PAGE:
Evaluation of an evidence-based multidiciplinary service for the assessment and management of polycystic ovary syndrome — ASN Events

Evaluation of an evidence-based multidiciplinary service for the assessment and management of polycystic ovary syndrome (#346)

Natalie Nanayakkara 1 2 , Anju Joham 1 2 , Rhonda Garad 3 , Jacqueline Boyle 1 , Janet Michelmore 3 , Tanya Heaney-Voogt 3 , Amanda Vincent 1 , Helena Teede 1 2
  1. Monash Applied Research Stream, School of Public Health and Preventative Medicine, Monash University, Clayton, VIC, Australia
  2. Diabetes and Vascular Medicine Unit, Monash Health , Clayton, VIC , Australia
  3. Jean Halies for Women's Health, Clayton, VIC , Australia

Background: Polycystic Ovary Syndrome (PCOS) affects 12-21% of women with significant reproductive, metabolic, and psychological features; phenotypic expression varies depending on life-stage, ethnicity, obesity and lifestyle. Identified key gaps in the assessment and management of PCOS cause delayed diagnoses, inconsistent and fragmented care. A national PCOS guideline comprising 38 recommendations was released in 2011, following an extensive evidence review process by expert multidisciplinary panel. Extensive stakeholder consultation determined optimal translation strategies into clinical practice and a pilot phase informed the final structure of this evidence-based multidisciplinary PCOS service.

Aim: To report a process evaluation on the development of this service and evaluate its impact in relation to patient satisfaction, knowledge and attitude changes as well as adherence to evidence-based practice. We aim to also examine the efficacy on weight management over 12 months.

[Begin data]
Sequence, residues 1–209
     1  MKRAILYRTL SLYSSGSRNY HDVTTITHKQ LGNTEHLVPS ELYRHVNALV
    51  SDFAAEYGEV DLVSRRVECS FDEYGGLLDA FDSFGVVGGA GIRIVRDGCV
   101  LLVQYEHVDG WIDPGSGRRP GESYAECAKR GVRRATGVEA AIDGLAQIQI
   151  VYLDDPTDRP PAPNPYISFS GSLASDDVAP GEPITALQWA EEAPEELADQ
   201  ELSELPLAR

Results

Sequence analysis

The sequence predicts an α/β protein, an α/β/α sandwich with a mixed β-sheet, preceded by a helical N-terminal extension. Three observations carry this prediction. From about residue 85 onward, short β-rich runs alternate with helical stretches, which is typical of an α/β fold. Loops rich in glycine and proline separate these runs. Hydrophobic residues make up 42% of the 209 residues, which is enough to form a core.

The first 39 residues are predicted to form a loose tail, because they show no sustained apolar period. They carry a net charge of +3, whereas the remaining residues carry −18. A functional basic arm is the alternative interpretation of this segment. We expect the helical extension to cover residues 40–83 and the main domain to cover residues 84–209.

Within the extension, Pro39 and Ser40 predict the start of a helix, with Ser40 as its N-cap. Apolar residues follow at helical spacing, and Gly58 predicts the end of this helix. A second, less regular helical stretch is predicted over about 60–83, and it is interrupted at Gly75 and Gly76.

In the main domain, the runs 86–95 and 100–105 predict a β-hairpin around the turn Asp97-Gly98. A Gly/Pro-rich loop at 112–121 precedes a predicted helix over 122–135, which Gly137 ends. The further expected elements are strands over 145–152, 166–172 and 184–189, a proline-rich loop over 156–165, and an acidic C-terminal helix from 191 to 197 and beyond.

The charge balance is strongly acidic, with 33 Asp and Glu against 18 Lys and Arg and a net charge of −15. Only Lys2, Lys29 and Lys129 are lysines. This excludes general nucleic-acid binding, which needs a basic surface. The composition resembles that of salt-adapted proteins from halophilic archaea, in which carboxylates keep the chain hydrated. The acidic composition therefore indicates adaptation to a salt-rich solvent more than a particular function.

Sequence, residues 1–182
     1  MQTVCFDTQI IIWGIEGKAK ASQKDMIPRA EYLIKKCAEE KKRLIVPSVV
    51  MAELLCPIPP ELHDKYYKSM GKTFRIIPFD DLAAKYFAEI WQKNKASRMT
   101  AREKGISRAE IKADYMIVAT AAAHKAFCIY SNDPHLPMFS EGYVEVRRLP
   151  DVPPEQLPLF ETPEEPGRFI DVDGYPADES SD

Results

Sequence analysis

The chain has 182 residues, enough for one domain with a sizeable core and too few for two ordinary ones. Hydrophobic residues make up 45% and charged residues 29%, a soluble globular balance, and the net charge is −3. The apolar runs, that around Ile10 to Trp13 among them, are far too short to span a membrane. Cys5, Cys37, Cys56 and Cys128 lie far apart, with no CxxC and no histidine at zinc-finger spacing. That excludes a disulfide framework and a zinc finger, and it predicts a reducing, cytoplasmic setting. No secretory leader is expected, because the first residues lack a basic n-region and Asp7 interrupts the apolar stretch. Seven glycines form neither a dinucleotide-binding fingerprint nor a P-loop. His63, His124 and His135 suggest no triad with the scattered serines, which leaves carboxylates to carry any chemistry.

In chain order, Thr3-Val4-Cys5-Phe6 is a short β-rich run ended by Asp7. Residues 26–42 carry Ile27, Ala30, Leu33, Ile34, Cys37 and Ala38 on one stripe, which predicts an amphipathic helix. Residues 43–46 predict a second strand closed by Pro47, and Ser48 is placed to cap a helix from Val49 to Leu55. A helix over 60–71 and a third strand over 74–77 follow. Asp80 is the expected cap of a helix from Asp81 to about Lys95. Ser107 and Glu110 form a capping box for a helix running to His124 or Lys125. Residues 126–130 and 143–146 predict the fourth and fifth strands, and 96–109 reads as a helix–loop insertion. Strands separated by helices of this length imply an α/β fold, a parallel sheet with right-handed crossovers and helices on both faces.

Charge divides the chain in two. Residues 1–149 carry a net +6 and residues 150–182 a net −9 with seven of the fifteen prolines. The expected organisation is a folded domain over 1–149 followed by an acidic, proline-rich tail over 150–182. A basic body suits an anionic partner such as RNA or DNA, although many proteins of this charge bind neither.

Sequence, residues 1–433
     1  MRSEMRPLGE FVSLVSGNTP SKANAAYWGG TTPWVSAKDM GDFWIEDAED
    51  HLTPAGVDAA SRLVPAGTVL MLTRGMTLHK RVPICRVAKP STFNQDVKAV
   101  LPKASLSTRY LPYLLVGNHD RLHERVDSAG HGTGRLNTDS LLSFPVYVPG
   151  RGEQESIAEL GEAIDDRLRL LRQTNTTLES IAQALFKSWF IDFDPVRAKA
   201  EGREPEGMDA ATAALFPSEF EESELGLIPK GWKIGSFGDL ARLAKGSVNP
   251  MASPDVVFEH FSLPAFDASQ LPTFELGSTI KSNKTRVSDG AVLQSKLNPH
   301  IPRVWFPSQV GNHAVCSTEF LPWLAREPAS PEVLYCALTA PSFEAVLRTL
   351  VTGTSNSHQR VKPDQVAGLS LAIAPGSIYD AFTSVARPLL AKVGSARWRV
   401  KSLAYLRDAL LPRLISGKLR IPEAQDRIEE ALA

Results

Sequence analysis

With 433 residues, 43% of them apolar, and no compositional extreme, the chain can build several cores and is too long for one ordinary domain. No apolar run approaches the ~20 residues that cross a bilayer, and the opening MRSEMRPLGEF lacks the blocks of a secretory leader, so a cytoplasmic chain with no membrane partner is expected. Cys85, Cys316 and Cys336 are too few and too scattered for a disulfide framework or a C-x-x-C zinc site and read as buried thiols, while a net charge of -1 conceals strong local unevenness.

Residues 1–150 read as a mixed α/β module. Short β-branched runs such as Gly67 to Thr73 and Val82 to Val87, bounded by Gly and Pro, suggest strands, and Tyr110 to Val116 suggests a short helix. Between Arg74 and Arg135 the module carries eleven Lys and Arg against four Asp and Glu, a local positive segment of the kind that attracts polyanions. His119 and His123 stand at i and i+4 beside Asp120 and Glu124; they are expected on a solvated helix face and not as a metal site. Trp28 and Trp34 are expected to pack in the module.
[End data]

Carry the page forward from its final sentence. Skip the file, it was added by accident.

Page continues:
Methods: Detailed health questionnaires were completed by patients prior to attending the service and service evaluation surveys completed at the end of the program. Descriptive data was analysed from the 170 women attending the service during the first 12 months.

Results: In a newly established Jean Hailes PCOS service 75% of participants indicated all of their expectations were met or exceeded. The proportion of patients satisfied with their knowledge regarding PCOS increased from 11-25% to 86-99%. Confidence in key aspects of PCOS management improved from 13-43% to 79-98%. Endocrinologist appointments, education sessions and the lifestyle management program were identified as the most beneficial elements of the program. 85% of service participants indicated that they would attempt diet and lifestyle changes as a result of attending the service. Clinical data including BMI, prior to clinic attendance and one year after completion of the program is currently being analysed.

Conclusions: We report on a process evaluation for development of an evidence-based multidisciplinary service and we undertook a service evaluation showing that this service was successful in its aim of improving patient knowledge and motivating beneficial lifestyle changes resulting in high levels of patient satisfaction. Efficacy impact on long term weight management is being evaluated. This evidence-based, multidisciplinary service model of care may benefit a range of chronic medical conditions.